Parent's Guide to Puberty
Girls and Puberty
By Bonnie Schiedel
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Puberty begins when the body sends a signal from the pituitary gland in the brain to the ovaries. Breast growth is usually the first sign most girls experience, starting with breast buds, small tender lumps under the nipple. Soft pubic hair will begin to grow, followed by underarm and leg hair. Your daughter's body shape will change too, as the hips widen, waist narrows, and more body fat builds up on the tummy, behind and legs. Acne may develop as the skin becomes oilier and hormone levels are high. She will also perspire more. She will get taller and her hands, feet, arms and legs may grow faster than the rest of her, often leading to clumsiness. Vaginal discharge that resembles egg white generally starts about a year and a half after breast growth begins, followed by her periods beginning about a year after that.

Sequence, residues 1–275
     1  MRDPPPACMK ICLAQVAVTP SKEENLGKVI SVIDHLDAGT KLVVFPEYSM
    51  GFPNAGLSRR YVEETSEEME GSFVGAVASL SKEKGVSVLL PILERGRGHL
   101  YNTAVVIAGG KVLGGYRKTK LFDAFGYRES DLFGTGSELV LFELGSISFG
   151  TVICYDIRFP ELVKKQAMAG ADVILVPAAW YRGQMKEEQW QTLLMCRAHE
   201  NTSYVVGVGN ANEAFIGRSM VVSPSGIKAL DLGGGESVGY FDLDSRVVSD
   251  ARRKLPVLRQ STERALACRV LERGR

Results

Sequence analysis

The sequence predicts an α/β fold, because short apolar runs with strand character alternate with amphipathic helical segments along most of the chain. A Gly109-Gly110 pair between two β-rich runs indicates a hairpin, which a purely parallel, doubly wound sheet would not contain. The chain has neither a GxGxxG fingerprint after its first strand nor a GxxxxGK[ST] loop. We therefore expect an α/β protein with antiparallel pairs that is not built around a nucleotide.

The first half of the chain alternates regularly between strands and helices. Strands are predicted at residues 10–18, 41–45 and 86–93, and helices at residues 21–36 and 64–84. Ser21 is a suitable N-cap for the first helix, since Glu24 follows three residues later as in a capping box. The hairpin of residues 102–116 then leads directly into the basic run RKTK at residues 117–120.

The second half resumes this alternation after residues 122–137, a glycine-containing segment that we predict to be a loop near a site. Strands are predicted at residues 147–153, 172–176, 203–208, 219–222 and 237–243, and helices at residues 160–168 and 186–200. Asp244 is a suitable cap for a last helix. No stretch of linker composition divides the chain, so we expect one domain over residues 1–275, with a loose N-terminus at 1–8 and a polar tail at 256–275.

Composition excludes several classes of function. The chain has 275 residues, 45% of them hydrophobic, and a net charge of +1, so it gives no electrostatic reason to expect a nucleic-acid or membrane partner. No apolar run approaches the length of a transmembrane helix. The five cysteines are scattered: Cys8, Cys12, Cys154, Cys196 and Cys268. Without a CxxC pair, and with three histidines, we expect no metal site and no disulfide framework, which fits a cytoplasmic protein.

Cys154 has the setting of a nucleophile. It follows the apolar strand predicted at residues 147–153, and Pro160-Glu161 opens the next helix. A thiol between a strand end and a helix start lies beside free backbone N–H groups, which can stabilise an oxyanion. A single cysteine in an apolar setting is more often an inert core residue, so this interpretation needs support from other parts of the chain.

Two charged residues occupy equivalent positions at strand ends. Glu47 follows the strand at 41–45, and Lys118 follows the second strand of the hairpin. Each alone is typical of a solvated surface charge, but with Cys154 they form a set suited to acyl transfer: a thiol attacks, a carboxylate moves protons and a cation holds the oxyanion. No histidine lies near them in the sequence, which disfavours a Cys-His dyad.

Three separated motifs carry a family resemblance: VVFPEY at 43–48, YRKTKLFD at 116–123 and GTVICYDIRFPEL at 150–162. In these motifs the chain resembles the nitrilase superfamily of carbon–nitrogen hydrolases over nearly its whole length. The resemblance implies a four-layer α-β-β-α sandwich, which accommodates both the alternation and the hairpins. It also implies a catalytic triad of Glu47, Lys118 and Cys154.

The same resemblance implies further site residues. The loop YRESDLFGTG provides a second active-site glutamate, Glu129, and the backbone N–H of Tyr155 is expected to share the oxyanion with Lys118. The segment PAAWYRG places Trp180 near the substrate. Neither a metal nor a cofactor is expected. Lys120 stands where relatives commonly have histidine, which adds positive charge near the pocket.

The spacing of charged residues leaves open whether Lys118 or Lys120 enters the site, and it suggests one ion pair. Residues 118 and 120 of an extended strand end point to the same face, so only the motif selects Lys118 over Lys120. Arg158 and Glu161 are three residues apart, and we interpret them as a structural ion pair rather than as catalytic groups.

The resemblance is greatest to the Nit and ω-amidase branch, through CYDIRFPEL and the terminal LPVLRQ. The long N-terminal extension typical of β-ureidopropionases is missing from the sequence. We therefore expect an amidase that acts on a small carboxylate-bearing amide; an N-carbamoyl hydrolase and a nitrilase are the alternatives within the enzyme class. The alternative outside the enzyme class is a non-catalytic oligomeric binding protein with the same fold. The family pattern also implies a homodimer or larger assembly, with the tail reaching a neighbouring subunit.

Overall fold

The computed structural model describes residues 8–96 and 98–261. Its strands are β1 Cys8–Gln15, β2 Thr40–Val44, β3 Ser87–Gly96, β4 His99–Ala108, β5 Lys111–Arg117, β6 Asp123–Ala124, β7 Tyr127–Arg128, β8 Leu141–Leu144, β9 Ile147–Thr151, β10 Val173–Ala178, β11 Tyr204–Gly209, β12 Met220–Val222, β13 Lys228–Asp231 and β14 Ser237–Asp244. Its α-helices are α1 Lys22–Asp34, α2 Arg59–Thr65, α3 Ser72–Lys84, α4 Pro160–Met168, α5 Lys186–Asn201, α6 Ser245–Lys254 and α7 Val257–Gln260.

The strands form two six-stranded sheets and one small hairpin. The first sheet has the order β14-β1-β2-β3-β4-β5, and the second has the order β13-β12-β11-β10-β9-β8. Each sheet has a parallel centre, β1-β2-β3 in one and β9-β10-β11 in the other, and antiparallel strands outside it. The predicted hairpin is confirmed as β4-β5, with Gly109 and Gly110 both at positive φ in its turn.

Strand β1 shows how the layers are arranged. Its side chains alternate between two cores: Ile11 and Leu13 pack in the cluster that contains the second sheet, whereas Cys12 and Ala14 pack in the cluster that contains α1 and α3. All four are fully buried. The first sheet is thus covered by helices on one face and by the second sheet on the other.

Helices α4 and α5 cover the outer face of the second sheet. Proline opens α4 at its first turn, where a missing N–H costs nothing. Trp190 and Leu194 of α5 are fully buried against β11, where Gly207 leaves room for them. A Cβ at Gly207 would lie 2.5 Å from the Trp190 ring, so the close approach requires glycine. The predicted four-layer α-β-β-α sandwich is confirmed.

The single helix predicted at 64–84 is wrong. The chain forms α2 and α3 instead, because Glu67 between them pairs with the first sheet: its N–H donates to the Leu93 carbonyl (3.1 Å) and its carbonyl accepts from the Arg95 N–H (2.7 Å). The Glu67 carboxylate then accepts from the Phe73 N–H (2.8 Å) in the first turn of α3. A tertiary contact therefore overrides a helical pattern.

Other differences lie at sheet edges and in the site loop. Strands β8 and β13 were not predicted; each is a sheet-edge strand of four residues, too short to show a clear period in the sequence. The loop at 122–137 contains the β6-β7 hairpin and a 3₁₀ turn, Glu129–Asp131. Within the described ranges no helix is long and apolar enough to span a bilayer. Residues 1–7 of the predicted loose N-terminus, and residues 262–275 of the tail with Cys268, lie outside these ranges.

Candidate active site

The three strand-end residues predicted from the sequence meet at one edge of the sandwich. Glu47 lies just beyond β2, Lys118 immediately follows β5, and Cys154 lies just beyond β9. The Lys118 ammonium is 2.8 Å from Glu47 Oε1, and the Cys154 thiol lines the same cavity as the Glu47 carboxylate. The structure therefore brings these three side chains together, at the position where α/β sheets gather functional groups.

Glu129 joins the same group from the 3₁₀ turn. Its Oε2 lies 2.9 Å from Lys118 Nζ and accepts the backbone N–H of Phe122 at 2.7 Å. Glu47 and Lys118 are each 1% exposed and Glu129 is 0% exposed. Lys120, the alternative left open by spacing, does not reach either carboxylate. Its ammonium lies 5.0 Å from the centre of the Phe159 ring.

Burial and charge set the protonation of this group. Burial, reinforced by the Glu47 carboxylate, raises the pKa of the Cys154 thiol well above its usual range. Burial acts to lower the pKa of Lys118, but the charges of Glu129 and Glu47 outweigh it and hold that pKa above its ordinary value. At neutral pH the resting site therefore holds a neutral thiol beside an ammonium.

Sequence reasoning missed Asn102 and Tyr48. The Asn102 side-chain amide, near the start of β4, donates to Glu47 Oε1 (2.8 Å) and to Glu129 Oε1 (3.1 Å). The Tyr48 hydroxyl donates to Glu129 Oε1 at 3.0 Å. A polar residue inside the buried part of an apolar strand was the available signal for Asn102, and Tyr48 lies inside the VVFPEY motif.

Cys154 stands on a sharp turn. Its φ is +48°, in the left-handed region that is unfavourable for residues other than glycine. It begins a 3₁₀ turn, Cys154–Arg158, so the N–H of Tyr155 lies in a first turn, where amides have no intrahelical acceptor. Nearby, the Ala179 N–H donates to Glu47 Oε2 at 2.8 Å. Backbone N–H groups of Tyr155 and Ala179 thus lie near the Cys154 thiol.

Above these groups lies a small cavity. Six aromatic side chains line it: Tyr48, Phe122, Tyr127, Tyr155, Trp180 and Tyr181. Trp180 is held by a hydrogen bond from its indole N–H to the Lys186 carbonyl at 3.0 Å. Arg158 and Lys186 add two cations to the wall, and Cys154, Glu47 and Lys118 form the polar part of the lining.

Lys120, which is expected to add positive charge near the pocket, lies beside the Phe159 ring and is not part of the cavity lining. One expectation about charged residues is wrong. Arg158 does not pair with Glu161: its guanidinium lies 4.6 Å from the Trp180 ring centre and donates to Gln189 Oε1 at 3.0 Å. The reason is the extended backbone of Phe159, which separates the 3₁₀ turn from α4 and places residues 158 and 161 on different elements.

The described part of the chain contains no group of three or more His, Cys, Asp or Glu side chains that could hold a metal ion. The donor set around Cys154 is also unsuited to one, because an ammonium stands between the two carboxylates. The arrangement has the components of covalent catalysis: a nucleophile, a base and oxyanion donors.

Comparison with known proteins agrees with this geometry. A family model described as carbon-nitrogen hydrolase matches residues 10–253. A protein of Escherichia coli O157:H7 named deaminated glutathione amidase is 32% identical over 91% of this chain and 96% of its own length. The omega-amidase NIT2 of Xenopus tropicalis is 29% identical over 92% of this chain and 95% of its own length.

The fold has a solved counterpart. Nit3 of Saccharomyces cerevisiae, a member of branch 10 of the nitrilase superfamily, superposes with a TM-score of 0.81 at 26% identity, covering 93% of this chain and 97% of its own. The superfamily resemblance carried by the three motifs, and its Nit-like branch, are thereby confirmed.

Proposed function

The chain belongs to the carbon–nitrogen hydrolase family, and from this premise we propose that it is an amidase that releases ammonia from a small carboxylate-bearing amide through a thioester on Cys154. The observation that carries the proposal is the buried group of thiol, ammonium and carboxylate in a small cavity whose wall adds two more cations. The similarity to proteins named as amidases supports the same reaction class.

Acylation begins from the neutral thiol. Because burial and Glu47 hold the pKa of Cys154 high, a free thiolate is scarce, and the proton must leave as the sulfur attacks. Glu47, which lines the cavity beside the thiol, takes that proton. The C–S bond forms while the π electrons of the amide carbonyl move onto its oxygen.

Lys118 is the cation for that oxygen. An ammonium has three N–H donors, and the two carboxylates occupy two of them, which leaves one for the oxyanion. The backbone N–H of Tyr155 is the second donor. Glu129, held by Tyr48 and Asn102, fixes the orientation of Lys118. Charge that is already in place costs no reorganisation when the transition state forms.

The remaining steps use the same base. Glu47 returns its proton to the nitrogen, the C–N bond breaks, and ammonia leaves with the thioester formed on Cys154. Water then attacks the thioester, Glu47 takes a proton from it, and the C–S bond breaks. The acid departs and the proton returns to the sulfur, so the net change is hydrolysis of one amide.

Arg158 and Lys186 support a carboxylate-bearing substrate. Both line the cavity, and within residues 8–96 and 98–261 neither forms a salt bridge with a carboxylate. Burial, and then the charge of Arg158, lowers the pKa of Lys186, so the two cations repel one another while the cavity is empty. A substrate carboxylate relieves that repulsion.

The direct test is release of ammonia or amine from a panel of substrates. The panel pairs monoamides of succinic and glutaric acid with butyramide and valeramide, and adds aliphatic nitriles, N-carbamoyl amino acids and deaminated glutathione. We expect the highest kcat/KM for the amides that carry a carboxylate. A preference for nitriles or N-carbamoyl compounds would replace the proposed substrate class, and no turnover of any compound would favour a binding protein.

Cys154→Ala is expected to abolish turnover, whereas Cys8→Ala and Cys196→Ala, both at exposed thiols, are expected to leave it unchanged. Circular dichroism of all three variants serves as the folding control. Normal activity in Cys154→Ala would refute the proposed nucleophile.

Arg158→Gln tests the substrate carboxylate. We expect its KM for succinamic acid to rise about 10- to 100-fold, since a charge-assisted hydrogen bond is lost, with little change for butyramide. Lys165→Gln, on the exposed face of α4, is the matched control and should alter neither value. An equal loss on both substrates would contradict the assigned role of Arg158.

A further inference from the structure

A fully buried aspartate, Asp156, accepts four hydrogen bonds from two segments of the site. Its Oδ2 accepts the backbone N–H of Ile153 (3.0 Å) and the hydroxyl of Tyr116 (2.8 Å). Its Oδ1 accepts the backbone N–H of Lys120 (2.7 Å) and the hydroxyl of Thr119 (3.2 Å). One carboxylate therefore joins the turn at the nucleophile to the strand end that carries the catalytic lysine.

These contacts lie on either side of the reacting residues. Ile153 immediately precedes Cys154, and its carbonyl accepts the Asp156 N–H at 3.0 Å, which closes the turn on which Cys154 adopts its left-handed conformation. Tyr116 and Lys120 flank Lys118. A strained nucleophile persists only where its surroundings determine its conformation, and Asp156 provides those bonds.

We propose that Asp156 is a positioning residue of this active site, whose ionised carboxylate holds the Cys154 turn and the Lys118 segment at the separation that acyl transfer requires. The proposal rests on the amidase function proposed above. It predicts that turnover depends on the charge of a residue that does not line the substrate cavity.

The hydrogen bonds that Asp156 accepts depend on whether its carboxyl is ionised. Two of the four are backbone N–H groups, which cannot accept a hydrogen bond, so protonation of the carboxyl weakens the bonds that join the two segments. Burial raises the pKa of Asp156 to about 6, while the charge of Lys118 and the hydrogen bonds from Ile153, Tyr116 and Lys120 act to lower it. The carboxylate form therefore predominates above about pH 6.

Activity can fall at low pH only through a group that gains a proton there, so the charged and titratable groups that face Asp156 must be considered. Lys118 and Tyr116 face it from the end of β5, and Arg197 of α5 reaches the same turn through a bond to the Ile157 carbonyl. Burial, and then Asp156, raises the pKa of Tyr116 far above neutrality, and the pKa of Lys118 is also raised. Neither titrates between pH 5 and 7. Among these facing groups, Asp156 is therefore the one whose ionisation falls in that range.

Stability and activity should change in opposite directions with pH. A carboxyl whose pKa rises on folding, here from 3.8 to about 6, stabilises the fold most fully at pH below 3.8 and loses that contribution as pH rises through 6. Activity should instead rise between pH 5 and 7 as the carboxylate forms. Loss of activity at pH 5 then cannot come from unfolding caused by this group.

How she might be feeling. Reactions to puberty are as individual as the girls themselves. She may feel weird that she's earlier or later than her friends, or relieved that she's similar to them. She may be excited about becoming a grownup or feel sad because she thinks her childhood is being left behind. Anxiety about menstruation is common-when will it happen, what will I do, how do you use tampons, what if I get my first period while I'm wearing white shorts at the school dance? (Yep, that last one happened to me.) And she may be annoyed at the prospect of dealing with acne, blood and body hair for years to come. Concerns about breast size, height, and odors from menstrual blood and sweat are also common. Hormones and a changing body can often trigger mood swings and frustration.